I don’t want anyone to read this as a defense. Milo has said and done terrible things. He played to the worst side of the ugliest crowd. The fact that it took THIS and not his past rape apology, cyber-bullying, outing of trans students, telling students to turn their classmates in to ICE, or his myriad other moments is a comment on our time. I have advocated publicly multiple times for his platform to be taken away for the good of others and I have and will continue to celebrate his fall for the good of society. We HAVE to be relieved that he is gone.
But that doesn’t mean I’m unaware of his humanity.
To paraphrase Sam Harris we would put tornados in jail if we could –but we wouldn’t pretend tornados were evil.
Because now that the dust is settled, now, in this moment of having “beaten” milo I think we owe it to ourselves and to him to PREVENT a new milo
Milo Yiannopoulos wasn’t created in a vacuum. He is the result of an internet that has lost its sense of decency; of a society that has lost its sense of responsibility for speech and of a generation whose ability to parent was outpaced by technology.
The world is filled with Milos, people who say and do terrible things for attention but it is the casual hobby of listening to people like him, our educational institutions’ paralyzed impotence at his menace, that dooms us all. We need to have complex conversations about the shared humanity and good intentions even of those we despise or else we are just biding our time until the next Milo comes along, and we owe it to their future victims to be better.
The left must stop ignoring or indulging its own absurd fringes. People like Milo feed off of them and use their absurdity to create straw men for the uneducated to deride. If we’re unwilling to address them we’re no less intellectually irresponsible than the right that ignores the bigots in its ranks. We need to be willing to have non-confrontational conversations with the ignorant and we need to forgo the easy work of shaming for the hard work of education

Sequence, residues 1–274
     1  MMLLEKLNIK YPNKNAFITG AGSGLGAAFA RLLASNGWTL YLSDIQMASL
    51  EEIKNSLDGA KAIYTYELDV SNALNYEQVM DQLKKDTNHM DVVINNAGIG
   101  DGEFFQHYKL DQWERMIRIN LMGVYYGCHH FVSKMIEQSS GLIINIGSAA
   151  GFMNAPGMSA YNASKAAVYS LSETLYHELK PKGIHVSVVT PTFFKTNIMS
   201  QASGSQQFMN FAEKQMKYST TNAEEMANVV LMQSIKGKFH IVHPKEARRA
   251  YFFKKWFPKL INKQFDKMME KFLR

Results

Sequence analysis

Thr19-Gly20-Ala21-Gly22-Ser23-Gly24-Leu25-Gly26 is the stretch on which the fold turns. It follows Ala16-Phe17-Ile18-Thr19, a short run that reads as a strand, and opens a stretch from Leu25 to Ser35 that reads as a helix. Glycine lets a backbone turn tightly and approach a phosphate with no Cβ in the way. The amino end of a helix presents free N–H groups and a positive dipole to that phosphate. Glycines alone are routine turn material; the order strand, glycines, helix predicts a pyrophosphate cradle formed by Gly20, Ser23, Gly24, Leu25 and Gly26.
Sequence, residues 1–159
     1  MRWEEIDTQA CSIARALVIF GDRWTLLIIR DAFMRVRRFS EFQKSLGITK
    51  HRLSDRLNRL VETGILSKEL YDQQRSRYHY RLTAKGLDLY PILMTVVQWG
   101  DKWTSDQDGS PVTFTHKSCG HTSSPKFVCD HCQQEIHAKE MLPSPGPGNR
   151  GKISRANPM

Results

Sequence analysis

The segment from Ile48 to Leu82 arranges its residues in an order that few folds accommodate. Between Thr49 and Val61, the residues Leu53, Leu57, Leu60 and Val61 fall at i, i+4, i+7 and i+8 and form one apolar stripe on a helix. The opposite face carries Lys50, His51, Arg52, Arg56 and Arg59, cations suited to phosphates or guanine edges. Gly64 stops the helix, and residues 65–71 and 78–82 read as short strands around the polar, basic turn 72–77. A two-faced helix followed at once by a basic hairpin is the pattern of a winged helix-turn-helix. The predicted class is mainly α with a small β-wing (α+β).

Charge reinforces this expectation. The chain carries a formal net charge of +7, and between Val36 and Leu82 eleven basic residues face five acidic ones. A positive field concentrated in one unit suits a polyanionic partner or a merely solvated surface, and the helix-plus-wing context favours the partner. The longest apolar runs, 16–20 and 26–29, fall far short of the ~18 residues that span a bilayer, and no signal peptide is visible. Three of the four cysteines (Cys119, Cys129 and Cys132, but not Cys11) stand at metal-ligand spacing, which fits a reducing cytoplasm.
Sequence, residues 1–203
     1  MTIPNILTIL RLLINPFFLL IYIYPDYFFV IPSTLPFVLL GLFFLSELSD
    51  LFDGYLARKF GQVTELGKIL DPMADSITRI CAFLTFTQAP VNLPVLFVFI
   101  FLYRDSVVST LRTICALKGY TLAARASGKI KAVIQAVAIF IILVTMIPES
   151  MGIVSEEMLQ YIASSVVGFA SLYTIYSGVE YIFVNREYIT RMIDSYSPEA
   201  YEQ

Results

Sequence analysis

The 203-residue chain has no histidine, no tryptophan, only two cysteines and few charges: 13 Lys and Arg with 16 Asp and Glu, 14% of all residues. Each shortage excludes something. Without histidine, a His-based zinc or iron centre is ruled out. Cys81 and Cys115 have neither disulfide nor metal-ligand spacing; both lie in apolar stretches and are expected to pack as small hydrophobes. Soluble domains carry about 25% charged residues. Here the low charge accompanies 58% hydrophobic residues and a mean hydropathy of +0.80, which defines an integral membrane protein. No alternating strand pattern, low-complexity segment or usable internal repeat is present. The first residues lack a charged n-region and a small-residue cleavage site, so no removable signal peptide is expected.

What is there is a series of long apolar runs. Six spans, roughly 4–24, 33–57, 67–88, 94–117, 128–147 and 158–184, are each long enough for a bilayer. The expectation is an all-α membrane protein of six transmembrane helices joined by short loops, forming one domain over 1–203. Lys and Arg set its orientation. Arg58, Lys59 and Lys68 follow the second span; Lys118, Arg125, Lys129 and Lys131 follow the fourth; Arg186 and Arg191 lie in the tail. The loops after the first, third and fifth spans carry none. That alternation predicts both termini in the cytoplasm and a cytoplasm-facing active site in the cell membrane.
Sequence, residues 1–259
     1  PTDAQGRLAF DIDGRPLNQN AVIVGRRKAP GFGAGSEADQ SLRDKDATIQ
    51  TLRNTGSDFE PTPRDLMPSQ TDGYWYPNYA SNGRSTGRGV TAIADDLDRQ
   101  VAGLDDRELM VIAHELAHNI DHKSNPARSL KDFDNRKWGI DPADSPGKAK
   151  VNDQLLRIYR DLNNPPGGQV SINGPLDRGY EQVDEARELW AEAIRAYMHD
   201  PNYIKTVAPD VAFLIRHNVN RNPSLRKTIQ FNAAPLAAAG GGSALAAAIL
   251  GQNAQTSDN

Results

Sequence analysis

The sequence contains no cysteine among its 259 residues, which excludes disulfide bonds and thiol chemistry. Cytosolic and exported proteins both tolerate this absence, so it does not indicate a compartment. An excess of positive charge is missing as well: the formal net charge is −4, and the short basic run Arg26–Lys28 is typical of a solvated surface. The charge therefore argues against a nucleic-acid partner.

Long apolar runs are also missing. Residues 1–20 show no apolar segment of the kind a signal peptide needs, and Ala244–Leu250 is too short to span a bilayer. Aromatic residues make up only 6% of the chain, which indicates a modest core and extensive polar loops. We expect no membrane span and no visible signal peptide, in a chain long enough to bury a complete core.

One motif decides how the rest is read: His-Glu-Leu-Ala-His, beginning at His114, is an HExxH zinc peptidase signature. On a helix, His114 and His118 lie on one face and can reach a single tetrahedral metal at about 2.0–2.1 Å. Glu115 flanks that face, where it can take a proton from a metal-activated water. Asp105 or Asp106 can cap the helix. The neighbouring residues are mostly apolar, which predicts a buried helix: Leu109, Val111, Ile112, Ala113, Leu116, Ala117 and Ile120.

The right, unsavable as they may seem at times need to accept that not all violence leaves one bloody or bruised. The fact that words can’t hurt you does not mean they can’t hurt anybody. Extremists on both sides are unwilling to accept the lived experience of other human beings and the informed opinions of experts.
And all of us, all of us need to remember we are on the same side. With a few genuinely ill exceptions we all want people to be happy, we all want people to be healthy, and we all wanna go to outer space. We owed it to Milo to create a world where he was better educated, both intellectually and emotionally. Where he was better protected. Where he had the chance to be a better man. When we try to make caricatures of living human beings, we create monsters– or, as in the case of Milo, we encourage the ambitious outliers to make monsters of themselves. Wilde lied, sneered at those he believed were beneath him, and assumed he was above the law. Milo played the character we told him to play said what he thought would shock us until he reached “too far” a place he was promised he could never go.
And so we ended up where I was last night and where I am tonight. Glad that a 32 year old self hating rape victim lost his book deal and speaking appointment. And what we need to grapple with is that there was a moment in these past few days while you and I were caught up in our celebration that Milo was alone, trapped in the knowledge that the world that created him hates him. Like Oscar, an amusement turned monster in the public eye. And Both Milo and Oscar deserved better.
“The truth is rarely pure and never simple.”
― Oscar Wilde, The Importance of Being Earnest